Metropolitan area definitions

The substate area data published in this release reflect the standards and definitions established by the U.S. Office of Management and Budget.

The Scranton—Wilkes-Barre—Hazleton Metropolitan Statistical Area includes Lackawanna, Luzerne, and Wyoming Counties in Pennsylvania.

 

Additional information

OES data are available on our regional web page at www.bls.gov/regions/mid-atlantic. Answers to frequently asked questions about the OES data are available at www.bls.gov/oes/oes_ques.htm. Detailed technical information about the OES survey is available in our Survey Methods and Reliability Statement on the BLS website at www.bls.gov/oes/current/methods_statement.pdf.

Information in this release will be made available to sensory impaired individuals upon request. Voice phone: (202) 691-5200; Federal Relay Service: (800) 877-8339.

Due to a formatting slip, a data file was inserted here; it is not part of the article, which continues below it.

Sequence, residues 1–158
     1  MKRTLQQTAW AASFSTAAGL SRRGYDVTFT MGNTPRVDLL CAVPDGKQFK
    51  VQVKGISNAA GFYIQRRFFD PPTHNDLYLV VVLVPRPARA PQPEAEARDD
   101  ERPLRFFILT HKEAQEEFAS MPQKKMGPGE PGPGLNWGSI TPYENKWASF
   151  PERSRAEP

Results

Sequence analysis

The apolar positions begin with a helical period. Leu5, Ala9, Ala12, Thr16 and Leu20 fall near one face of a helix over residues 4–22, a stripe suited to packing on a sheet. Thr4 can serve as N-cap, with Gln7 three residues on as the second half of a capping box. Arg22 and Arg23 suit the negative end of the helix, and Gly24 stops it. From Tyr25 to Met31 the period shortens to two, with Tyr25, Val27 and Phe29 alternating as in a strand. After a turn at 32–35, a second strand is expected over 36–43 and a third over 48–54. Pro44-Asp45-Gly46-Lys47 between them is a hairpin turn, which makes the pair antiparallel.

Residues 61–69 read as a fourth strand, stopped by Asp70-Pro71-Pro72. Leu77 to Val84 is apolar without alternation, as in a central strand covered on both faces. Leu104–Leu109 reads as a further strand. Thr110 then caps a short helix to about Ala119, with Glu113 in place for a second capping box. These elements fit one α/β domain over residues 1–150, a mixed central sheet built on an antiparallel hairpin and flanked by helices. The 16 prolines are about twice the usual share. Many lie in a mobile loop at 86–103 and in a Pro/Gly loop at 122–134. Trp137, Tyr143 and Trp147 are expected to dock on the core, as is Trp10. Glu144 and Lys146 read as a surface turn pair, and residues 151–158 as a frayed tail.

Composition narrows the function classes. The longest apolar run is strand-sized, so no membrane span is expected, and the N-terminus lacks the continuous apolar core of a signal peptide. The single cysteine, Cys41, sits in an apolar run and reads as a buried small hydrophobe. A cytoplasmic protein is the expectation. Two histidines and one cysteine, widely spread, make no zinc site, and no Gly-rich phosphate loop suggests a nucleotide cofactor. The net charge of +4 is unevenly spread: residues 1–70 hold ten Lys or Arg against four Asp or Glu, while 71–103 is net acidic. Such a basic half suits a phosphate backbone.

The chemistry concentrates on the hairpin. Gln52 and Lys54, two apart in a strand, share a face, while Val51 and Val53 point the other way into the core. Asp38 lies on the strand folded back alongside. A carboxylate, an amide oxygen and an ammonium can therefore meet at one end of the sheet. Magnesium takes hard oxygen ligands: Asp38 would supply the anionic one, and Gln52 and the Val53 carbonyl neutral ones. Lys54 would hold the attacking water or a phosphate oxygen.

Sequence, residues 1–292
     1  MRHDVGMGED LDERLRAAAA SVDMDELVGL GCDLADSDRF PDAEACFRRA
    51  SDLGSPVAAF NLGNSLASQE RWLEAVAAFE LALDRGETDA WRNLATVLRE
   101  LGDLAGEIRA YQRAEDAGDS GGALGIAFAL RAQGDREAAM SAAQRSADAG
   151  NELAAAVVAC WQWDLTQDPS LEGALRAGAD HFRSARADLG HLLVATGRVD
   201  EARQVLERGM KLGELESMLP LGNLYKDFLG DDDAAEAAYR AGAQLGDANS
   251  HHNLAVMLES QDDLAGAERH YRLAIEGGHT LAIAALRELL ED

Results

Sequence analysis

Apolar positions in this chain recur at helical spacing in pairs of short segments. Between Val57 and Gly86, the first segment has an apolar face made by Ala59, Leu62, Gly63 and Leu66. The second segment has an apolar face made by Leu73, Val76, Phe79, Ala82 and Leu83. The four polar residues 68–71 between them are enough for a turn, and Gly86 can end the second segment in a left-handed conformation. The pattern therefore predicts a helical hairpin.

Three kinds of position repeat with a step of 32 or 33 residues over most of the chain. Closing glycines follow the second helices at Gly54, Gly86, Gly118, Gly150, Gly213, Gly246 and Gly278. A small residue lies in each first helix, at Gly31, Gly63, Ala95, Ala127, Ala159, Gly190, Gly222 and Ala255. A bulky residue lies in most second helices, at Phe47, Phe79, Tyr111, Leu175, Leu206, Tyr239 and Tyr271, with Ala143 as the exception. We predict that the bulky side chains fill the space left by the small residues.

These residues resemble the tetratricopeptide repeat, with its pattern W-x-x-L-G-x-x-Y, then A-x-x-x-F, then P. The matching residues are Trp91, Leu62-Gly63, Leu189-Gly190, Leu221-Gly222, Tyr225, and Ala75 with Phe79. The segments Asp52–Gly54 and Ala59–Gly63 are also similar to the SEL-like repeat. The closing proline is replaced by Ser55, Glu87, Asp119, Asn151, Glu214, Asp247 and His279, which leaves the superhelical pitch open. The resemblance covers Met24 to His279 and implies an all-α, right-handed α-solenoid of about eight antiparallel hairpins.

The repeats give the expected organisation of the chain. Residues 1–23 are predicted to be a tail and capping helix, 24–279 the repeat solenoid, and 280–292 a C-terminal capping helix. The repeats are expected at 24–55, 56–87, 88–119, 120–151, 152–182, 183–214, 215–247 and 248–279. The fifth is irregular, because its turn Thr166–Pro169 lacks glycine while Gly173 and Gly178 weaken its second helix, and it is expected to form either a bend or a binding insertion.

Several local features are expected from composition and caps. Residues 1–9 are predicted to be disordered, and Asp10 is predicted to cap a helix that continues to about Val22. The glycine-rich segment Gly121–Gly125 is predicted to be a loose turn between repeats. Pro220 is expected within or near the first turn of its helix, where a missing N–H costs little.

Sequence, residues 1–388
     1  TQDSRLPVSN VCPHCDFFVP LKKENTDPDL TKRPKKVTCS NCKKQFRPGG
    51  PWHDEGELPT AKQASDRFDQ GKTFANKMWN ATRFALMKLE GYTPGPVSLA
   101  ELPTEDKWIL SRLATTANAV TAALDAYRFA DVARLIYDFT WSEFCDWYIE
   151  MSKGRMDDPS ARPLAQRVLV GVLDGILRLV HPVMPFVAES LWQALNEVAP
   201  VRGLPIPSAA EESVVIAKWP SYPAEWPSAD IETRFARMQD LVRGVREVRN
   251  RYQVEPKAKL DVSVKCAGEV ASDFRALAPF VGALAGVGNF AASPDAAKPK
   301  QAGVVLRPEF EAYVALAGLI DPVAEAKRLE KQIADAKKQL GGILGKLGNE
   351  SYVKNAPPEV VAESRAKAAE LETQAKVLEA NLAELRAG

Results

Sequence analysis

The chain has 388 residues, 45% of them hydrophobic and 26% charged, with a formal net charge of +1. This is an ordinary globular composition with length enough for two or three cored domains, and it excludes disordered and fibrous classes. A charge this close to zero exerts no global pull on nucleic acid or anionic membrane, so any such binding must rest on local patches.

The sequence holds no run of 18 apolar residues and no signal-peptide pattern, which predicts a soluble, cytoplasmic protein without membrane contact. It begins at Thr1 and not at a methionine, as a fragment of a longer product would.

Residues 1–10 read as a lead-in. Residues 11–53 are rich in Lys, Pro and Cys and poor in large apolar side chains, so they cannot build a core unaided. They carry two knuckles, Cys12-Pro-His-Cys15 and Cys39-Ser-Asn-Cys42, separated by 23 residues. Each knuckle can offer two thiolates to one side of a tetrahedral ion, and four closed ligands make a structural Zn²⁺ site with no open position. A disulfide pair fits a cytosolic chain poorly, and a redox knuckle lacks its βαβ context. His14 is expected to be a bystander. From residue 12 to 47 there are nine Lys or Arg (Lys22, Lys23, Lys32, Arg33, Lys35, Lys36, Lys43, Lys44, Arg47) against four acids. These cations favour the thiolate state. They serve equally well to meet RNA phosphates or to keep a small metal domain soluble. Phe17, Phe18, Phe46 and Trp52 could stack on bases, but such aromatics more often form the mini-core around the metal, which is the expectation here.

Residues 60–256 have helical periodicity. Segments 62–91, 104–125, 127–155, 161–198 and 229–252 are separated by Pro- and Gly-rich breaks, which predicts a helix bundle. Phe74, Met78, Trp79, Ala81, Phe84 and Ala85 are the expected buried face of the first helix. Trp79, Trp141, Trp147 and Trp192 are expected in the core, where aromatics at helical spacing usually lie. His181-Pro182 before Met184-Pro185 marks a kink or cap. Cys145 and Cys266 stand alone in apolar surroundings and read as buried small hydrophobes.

Table 1. Employment and wage data from the Occupational Employment Statistics survey, by occupation, Scranton–Wilkes-Barre–Hazleton Metropolitan Statistical Area, May 2016
Occupation(1) Employment(2) Mean wage
Level Location quotient(3) Hourly Annual(4)

Production occupations

21,550 1.3 $17.11 $35,590

First-line supervisors of production and operating workers

1,170 1.1 26.91 55,970

Electrical and electronic equipment assemblers

(5) (5) 17.18 35,740

Structural metal fabricators and fitters

90 0.6 24.54 51,050

Team assemblers

2,720 1.3 13.75 28,600

Assemblers and fabricators, all other

360 0.9 12.38 25,740

Bakers

480 1.5 12.89 26,800

Butchers and meat cutters

350 1.4 15.44 32,110

Meat, poultry, and fish cutters and trimmers

40 0.2 14.63 30,420

Slaughterers and meat packers

260 1.8 12.13 25,230

Food batchmakers

480 1.8 14.99 31,180

Food cooking machine operators and tenders

60 1.0 14.24 29,610

Computer-controlled machine tool operators, metal and plastic

420 1.6 15.48 32,200

Computer numerically controlled machine tool programmers, metal and plastic

30 0.7 25.12 52,250

Extruding and drawing machine setters, operators, and tenders, metal and plastic